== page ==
Migration flows and the rise of far Right-Wing political parties in Europe

Tufts Public Opinion Lab
5 min readMay 16, 2024


By Meg Grieve (’24), Jack Steen (’24), Ava Vander Louw (’24), and Imanol Varela Parrilla (’24)

Note: This is one of a series of guest posts from students in the Tufts Political Science Research Methods course.

Europe has long been renowned as a mosaic of diverse and rich cultures, attracting immigrants from every corner of the globe. However, in recent years, the continent has witnessed a pronounced surge in migrant inflows coinciding with the simultaneous rise of far right-wing nationalism. In 2000, 6% of the population of the European Union were migrants compared to 8.5% in 2022. This is a significant uptick and has sparked intense debates among policymakers, scholars, and the public alike, prompting a critical examination of the intricate relationship between immigration levels and the rise of far right-wing parties in the realm of European domestic politics, such as Germany’s Alternative für Deutschland (Alternative for Germany, or AfD), Spain’s Vox, and Sweden’s Sverigedemokraterna (Sweden Democrats).

Understanding this is crucial as it informs immigration policies, integration strategies, and efforts to combat extremism. Additionally, noting Europe’s demographic challenges with an aging population and declining birth rates, some have touted increased immigration flows as a solution to economic woes. However, the rise of right-wing nationalism poses an obstacle to embracing immigration as a solution.

Our research endeavors to disentangle this complex relationship by analyzing data from select European Union member states: Hungary, Sweden, Italy, Poland, Spain, and Germany. We anticipated that an increase in immigration would correlate with a heightened support for far right-wing ideologies in elections at the domestic and European parliament level across all six countries. This hypothesis is rooted in domestic concerns over cultural identity, economic competition, and security that often underpin anti-immigration sentiments and drive support for far right-wing political movements in these nations.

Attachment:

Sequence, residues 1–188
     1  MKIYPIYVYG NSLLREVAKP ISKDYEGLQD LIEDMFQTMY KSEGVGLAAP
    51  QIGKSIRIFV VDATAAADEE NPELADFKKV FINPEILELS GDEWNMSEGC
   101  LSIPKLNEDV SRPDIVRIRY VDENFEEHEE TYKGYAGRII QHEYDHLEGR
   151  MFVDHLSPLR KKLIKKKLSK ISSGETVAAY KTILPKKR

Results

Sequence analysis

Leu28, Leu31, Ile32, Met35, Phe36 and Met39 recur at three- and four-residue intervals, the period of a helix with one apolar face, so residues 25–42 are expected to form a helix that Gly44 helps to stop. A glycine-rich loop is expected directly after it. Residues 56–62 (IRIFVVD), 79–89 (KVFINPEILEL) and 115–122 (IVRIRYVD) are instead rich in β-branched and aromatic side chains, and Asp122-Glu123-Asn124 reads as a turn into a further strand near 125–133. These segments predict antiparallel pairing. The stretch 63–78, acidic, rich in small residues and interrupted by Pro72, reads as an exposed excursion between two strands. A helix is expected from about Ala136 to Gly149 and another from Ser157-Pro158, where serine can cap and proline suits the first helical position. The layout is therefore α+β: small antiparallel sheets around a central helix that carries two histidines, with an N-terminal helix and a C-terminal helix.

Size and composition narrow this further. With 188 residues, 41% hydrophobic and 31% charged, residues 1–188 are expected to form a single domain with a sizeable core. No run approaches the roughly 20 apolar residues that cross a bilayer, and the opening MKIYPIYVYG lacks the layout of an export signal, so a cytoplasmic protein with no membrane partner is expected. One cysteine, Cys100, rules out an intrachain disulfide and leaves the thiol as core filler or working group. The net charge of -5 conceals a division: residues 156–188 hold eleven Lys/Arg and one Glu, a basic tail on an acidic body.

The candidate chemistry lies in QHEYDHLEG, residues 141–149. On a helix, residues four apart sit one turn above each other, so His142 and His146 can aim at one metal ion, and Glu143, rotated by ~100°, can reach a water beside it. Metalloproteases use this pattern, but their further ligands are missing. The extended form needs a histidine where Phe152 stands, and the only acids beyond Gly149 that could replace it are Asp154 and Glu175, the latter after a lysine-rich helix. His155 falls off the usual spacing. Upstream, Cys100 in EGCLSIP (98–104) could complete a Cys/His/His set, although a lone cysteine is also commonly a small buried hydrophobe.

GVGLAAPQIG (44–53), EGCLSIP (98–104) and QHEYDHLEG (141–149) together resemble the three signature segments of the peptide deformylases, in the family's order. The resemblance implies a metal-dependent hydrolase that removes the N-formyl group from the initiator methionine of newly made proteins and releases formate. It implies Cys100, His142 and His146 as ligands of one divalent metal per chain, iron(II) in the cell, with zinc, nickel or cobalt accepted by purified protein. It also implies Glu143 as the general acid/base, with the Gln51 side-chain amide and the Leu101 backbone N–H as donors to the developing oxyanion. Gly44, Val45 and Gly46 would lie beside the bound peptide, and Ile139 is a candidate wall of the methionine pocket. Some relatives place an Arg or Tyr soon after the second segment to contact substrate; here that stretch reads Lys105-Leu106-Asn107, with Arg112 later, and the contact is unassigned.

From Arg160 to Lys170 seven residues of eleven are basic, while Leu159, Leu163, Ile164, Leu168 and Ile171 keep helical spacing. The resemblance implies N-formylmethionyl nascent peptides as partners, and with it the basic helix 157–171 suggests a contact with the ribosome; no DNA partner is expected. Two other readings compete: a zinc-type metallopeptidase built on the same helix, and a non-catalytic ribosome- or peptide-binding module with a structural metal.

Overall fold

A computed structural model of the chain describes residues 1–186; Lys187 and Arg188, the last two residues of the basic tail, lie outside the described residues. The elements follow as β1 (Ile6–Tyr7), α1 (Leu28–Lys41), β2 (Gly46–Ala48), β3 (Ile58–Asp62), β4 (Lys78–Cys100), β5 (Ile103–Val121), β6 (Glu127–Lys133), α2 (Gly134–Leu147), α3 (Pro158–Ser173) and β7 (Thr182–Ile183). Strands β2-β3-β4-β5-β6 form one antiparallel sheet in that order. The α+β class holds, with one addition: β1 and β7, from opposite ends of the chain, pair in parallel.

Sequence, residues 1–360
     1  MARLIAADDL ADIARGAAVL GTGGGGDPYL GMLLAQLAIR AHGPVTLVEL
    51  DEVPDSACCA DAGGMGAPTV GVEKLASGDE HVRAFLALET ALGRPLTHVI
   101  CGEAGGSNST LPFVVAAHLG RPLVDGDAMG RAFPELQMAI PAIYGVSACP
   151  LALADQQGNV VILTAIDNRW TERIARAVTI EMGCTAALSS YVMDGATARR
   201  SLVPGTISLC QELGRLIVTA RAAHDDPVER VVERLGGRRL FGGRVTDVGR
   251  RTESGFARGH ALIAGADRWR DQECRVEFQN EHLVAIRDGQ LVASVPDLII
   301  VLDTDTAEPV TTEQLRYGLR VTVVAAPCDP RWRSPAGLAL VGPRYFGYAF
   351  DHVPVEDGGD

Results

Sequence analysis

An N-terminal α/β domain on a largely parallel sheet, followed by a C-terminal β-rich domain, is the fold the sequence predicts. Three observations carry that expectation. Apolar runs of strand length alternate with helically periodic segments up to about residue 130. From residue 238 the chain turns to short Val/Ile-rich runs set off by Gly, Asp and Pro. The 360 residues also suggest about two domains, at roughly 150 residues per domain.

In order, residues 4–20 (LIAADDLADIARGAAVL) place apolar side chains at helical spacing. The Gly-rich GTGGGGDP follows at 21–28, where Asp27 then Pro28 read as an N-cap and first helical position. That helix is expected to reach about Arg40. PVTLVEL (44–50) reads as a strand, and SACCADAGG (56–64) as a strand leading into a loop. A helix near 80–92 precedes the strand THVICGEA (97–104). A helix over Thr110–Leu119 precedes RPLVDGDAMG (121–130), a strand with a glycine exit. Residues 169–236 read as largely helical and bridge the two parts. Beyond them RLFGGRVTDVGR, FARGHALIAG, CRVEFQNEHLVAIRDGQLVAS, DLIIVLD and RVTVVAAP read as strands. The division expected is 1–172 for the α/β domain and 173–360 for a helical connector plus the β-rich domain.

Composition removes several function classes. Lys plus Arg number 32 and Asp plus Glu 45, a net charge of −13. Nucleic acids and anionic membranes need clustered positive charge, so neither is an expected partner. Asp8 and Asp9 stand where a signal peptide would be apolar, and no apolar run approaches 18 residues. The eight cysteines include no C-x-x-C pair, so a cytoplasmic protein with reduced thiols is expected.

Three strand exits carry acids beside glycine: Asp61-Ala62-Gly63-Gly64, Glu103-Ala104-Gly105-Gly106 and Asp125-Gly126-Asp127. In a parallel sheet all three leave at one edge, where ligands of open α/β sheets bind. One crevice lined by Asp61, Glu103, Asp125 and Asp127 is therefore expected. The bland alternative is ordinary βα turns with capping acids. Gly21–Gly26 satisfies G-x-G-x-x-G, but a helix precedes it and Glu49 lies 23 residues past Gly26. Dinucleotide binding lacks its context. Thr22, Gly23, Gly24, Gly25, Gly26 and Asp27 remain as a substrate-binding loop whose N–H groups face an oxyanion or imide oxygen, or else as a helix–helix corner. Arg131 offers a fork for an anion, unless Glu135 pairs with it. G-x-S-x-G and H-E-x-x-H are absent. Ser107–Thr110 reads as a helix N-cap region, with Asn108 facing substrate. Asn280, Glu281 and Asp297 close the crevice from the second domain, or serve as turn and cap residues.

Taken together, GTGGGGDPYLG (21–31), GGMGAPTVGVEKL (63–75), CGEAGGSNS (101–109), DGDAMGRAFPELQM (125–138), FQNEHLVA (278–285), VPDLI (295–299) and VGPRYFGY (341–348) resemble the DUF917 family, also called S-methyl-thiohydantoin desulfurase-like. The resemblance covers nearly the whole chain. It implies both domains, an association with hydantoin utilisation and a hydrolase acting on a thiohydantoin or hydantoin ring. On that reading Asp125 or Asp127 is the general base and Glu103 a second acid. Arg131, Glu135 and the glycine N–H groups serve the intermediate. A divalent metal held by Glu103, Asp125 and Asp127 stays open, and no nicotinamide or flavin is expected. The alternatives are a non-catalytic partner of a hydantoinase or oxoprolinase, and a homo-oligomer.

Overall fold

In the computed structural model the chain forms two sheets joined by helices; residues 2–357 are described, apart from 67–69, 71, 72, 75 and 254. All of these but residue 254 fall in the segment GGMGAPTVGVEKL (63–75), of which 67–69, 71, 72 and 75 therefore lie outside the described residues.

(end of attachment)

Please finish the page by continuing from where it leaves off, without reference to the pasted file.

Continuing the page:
To test our hypotheses, we used datasets from the Organisation for Economic Co-operation and Development (OECD) and ParlGov. We merged these datasets and used a regression analysis, aiming to discern patterns in the relationship between immigration and the burgeoning prevalence of far right-wing parties in elections across the six selected countries. We controlled for various confounding variables, including election type, year, and country, thereby ensuring a comprehensive analysis of the phenomenon at hand.

Our regression analysis of the relationship between immigration levels and the surge of far right-wing nationalism in six EU member states since 2000 produced a positive coefficient for the relationship (.000008327), aligning with our hypothesis. Each additional immigrant entering a country is associated with a predicted increase in far right-wing vote share by .000008327 percentage points, marking a positive relationship between the two. However, the results did not yield statistical significance at a .05 alpha level (p = .1053) when controlling for year, type of election (domestic parliament or EU parliament), and country selected.

Nevertheless, our analysis was still able to produce statistically significant results. A p-value of .0117 for Hungary indicates that Hungary has a statistically significant difference in vote share (13.79 percentage points higher) than the reference country in our model, Germany. A p-value of .0371 for the “Election Year” variable with a positive coefficient of .2984 indicated that there is a statistically significant increase in far right-wing vote share across all six selected countries’ domestic and EU parliament elections since 2000, of approximately .2984 percentage points per year.